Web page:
The body was found at 09:20 BST by a member of the police team searching for Dr Kelly in a wooded area at Harrowdown Hill, near Faringdon, Oxfordshire.
The government has announced that if the body is formally identified as Dr Kelly, an independent judicial inquiry will be held into the circumstances surrounding his death.
Government adviser Dr Kelly, 59, went missing from his home in Southmoor, Abingdon, Oxfordshire, at about 15:00 BST on Thursday.
The body was found lying on the ground, around five miles from Dr Kelly's home, a police spokeswoman said.
Acting superintendent Dave Purnell confirmed that the body matched Dr Kelly's description in a brief news conference at 14:30 BST.
Formal identification would take place on Saturday, said Supt Purnell, and the case was being treated as an "unexplained death".
"We will be awaiting the results of the post mortem and also waiting while the forensic examination continues at the scene at Harrowdown Hill," he added.
The government announcement of an inquiry if the body is Dr Kelly's came from the prime minister's plane as he flew for a visit to Tokyo.
Earlier this week, Dr Kelly denied being the BBC's main source for a story claiming Downing Street had "sexed up" a dossier about Iraqi weapons of mass destruction.
He appeared before the Commons foreign affairs committee on Tuesday.
MPs on the committee reacted with shock and disbelief at news of Dr Kelly's disappearance.
His family had contacted the police when he failed to return home by 23:45 BST on Thursday.
Tony Blair, who is heading to Japan after his speech to Congress in Washington, has been informed about the discovery of the body.
Huge media attention has been on Dr Kelly since the Ministry of Defence said he had admitted meeting Andrew Gilligan, the BBC correspondent behind the controversial Iraq story.
Mr Gilligan said a source had told him that the dossier on Iraq had been "sexed up" by Downing Street.
The BBC correspondent has refused to name his source, but the MoD said Dr Kelly had come forward to say it may have been him.
Government ministers have said they believe he was the source for Mr Gilligan's story.
Superintendent Purnell said the official's family were aware that a body had been found. A police family liaison officer is with them.
Harrowdown Hill, where the body is found, is an area popular with walkers but "quite off the beaten track", he added.
Ann Lewis, a neighbour of Dr Kelly, told BBC News Online she was "devastated" for his family, especially his children.
She said: "He was a quiet man. He was a man who showed great care and concern for others."
Craig Foster, 36, landlord of the Blue Boar public house in nearby Longworth, said Dr Kelly was "a very well liked gentleman".
Police say Dr Kelly is an avid walker and has good local knowledge of the many footpaths surrounding his home.
Initial searches of the house, outbuildings and grounds of the property were completed in the early hours of Friday.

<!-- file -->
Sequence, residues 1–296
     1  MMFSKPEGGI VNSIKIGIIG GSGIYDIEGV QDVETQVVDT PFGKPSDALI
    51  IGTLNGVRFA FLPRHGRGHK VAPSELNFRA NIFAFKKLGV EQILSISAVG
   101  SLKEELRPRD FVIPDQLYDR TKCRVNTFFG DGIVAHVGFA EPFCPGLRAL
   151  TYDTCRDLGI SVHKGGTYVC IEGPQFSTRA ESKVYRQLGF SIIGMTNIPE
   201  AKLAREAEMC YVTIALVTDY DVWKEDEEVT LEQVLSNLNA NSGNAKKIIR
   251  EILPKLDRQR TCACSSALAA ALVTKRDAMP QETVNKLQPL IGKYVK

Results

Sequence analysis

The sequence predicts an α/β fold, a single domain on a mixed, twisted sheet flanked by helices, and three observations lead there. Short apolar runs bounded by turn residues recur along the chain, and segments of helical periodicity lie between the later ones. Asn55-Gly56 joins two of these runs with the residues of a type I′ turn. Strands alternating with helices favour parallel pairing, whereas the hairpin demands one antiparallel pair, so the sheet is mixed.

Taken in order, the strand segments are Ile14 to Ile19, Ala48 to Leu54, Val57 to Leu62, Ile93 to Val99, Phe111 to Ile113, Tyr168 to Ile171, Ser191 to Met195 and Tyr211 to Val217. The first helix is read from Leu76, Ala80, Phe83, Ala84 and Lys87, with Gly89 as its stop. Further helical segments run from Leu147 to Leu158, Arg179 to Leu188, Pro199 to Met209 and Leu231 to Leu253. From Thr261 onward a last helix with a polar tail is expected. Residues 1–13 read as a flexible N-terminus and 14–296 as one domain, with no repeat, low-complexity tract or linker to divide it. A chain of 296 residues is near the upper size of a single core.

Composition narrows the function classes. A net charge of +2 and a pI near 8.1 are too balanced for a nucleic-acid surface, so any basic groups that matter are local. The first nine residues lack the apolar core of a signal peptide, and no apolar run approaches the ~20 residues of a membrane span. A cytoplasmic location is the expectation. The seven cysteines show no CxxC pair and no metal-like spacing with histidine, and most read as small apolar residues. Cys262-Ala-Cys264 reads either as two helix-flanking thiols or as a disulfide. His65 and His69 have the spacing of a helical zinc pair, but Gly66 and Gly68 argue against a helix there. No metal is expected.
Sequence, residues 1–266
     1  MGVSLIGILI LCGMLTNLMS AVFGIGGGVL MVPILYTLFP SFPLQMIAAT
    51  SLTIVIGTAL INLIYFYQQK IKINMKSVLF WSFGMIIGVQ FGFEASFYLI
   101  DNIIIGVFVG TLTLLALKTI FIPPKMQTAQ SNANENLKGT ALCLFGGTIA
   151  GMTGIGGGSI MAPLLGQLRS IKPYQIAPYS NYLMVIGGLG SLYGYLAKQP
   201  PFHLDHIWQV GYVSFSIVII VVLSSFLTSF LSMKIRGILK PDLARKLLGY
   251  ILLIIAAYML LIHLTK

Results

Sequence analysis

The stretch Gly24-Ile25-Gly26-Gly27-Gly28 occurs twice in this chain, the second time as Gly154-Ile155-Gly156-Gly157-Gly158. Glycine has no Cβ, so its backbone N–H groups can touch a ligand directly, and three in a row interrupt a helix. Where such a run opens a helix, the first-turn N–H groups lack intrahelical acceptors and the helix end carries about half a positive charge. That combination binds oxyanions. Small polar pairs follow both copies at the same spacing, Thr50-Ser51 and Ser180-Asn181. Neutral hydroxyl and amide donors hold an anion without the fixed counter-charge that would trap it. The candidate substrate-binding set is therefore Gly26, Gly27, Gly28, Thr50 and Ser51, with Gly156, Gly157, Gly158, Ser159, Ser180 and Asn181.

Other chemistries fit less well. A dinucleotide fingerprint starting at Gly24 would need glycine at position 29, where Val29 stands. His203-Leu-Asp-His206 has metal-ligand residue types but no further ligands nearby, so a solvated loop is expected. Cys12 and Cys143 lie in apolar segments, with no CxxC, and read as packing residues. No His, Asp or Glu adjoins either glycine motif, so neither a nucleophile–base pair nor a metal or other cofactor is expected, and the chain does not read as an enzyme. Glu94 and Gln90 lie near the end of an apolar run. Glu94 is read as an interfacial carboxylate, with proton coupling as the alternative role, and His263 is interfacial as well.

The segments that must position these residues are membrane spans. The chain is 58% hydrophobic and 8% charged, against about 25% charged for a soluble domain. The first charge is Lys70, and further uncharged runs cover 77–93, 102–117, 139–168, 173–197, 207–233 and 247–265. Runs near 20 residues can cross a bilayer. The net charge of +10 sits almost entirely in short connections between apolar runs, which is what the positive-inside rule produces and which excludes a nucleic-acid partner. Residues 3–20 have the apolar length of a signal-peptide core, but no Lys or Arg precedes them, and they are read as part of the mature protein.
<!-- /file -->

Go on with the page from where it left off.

A Ministry of Defence spokeswoman said: "We are aware that Dr David Kelly has gone missing and we are obviously concerned."
The ministry said Dr Kelly had at no point been threatened with suspension or dismissal for speaking to Mr Gilligan.
It was made clear to him that he had broken civil service rules by having unauthorised contact with a journalist, but "that was the end of it", said a spokesman.
Downing Street says it is "very concerned about news that David Kelly has gone missing". A spokesman said thoughts were with Dr Kelly's family.
Number 10 says "normal personnel procedures" were followed after Dr Kelly volunteered that he might have been the source of Mr Gilligan's report.
It was made clear to Dr Kelly that his name was likely to become public knowledge because he was one of only a small number of people it could have been about, the spokesman said.
After questioning Dr Kelly earlier this week, the Commons foreign affairs select committee said it was "most unlikely" he was the main source for the BBC story. And they said Dr Kelly, who has worked as a weapons inspector in Iraq, had been "poorly treated" by the government - a charge strongly rejected by the MoD.
Committee chairman Donald Anderson told the BBC his "heart went out" to Dr Kelly's family as the search for the official went on.
Another member of the committee, Tory John Maples said he was "speechless" after hearing of the discovery of a body. "If it is (Dr Kelly), it is just awful. What can you say? Nothing," he said. "There must be more to this than we had thought. I do not know what that means, I just think there is."
Tory MP Richard Ottaway, another committee member, said: "He is not used to the media glare, he is not used to the intense spotlight he has been put under."
The BBC has rejected Mr Anderson's claim that Mr Gilligan was an "unreliable witness" who had changed his story about the Iraq dossier claims when he met the committee in private on Thursday.
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